« How to ensure inline HTML in Blogsphere works! | Main| The day of restores ... Windows Mobile also needed a restore... »

How to spend an evening - with the ultra crappy "Windows Mobile Device Center"

Tags: Vista Windows Mobile Device Center
The software industry never cease to impress me, in both positive and negative ways. Some software just delivers; easy to install, no errors, stable, doesn't consume all your memory, and sometimes it even look good! Windows Home Server is an example of such software in my opinion. Other software is the opposite, and unfortunately Windows Mobile Device Center is such a tool.

Read on to see why...
What is Windows Mobile Device Center then? It is the successor of ActiveSync, which is the tool responsible for synchronization between your machine and your mobile device. This tool is typically installed when you want to synchronize data on your cellular phone with your PC.

First out, It was very hard to install. Almost NOTHING happened as it was supposed to. Vista complained, the firewall didn't complain (and that was the problem ), and the WMDC had to be reinstalled about 20 times before I finally got connection between the phone and the PC. What do you do when you experience unexpected results? You turn to Google, Microsoft Developer Network, TechNet and other knowledge bases. Hundreds of similar experiences, with almost always no exact answers. The answers are typically "reinstall WMDC", "delete the sync. partnership between the phone and the PC", "Disable USB-to-PC setting",  "reinstall this and reinstall that" ... up and down. I bet I have used hundreds of hours of my life during my life searching for answers to questions that a bunch of other people also experience.

I guess I was lucky to get the tool up and running after all. Everything worked for a couple of days, and today I received "Sync Failed", with the following details;

Synchronization could not be completed. See

Try to go to the url above, and what do you see?? The homepage of WMDC. No error details, no idea on how to solve the problem! Well, the code "72544" obviously means something, so the next idea is of course to search Google with search terms like "WMDC 72544" and alike. Amazing how many people that have some issues along the "72544"-track don't you think? Unfortunately I couldn't find anything that actually described what was wrong, nor could I find a remedy for my problem. It turns out that the Event log also contains traces of the problems, where the "RapiMgr" constantly get event code 6 and 8 and obviously has some problem connecting to the desktop. But hey, this did actually work yesterday!!! What on earth has triggered WMDC to go haywire today??? I guess I burned another 3-4 hours today, trying to fix WMDC, without luck ...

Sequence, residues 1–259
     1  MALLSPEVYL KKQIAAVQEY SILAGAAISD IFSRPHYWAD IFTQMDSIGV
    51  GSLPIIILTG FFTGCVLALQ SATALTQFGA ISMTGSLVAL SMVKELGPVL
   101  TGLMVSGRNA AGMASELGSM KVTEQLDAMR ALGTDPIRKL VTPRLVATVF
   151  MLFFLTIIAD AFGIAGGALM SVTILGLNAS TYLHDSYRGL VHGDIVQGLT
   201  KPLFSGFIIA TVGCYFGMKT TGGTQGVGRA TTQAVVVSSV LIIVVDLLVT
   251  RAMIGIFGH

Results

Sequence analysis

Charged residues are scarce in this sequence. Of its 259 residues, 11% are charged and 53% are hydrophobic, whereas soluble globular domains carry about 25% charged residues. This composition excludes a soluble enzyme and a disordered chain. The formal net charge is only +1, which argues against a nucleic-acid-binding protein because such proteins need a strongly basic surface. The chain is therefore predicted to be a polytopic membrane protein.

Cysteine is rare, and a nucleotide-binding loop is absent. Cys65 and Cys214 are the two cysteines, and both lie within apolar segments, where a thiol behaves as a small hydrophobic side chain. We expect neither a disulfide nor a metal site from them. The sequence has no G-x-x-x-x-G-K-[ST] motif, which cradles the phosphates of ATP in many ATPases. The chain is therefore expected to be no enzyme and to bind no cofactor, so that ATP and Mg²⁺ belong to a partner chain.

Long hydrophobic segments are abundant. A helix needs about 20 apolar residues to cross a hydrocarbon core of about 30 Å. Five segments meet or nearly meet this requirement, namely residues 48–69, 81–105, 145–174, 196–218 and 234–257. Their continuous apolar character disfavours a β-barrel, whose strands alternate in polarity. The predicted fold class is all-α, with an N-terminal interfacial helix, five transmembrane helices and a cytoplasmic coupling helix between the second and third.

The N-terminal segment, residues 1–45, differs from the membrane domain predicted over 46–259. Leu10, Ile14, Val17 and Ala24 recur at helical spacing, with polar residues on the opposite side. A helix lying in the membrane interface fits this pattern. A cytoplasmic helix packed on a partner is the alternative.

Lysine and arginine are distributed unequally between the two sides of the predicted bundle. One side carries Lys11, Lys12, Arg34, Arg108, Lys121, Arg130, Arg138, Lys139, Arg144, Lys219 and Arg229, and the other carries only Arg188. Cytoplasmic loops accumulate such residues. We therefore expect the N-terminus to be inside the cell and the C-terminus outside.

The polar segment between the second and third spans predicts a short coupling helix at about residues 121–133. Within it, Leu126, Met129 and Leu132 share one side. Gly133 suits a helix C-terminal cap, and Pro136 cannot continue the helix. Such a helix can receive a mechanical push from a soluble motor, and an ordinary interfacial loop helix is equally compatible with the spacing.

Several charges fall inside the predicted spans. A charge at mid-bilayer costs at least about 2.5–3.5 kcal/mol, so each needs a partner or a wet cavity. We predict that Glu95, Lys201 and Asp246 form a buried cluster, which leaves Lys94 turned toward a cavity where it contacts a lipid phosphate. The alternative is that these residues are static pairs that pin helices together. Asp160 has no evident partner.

What was my solution then? Luckily I have Windows Home Server, which automatically create nightly backups of my machine. I manually took a copy of the files I had changed today, and then I performed a full restore of my system disc from WHS! It took around 1/2 hour to complete, and now WMDC is up and running again.

How can WMDC be better then? First of all, the software must be able to give precise error messages. I understand that communication software is complicated business, and that one piece of software is layered on top of another - and another - and another.... Software is also often very dependent of the functionality and quality of the services from the layers below, and often the errors occurring in the lower layers, may not surface to the top as very understandable messages. However Microsoft, you have often programmed the lower layers as well, since we are talking about TCP/IP stacks, network layer APIs etc. These are often services of the operating system! I therefore believe Microsoft is in the absolute best position to enhance the error messages!
While I am on the error messages; "72544" probably means something to someone. Don't write "See this url" for more details, if you don't mean it! This is just frustrating and completely misleading!!

If I could decide (!), I would implement an error and message ID scheme, that uniquely identified every message in the system. Take a look at IBM iSeries (AS/400 ...). All messages have a code, which uniquely defines the message, and thus can be reported, discussed etc. If you have a list of codes, they comes in the sequence they occurred, so you can track the sequence too, You don't want to see such codes you say? Ok, hide them, but make it possible to reveal them for anybody interested in them. I see that Windows 7 has a new approach for all those popup-windows in our lower right corner. You will have the ability to hide those messages, but they will of course be logged. Perhaps we're coming somewhere!

Let's home the next version is better - isn't it always?

Post A Comment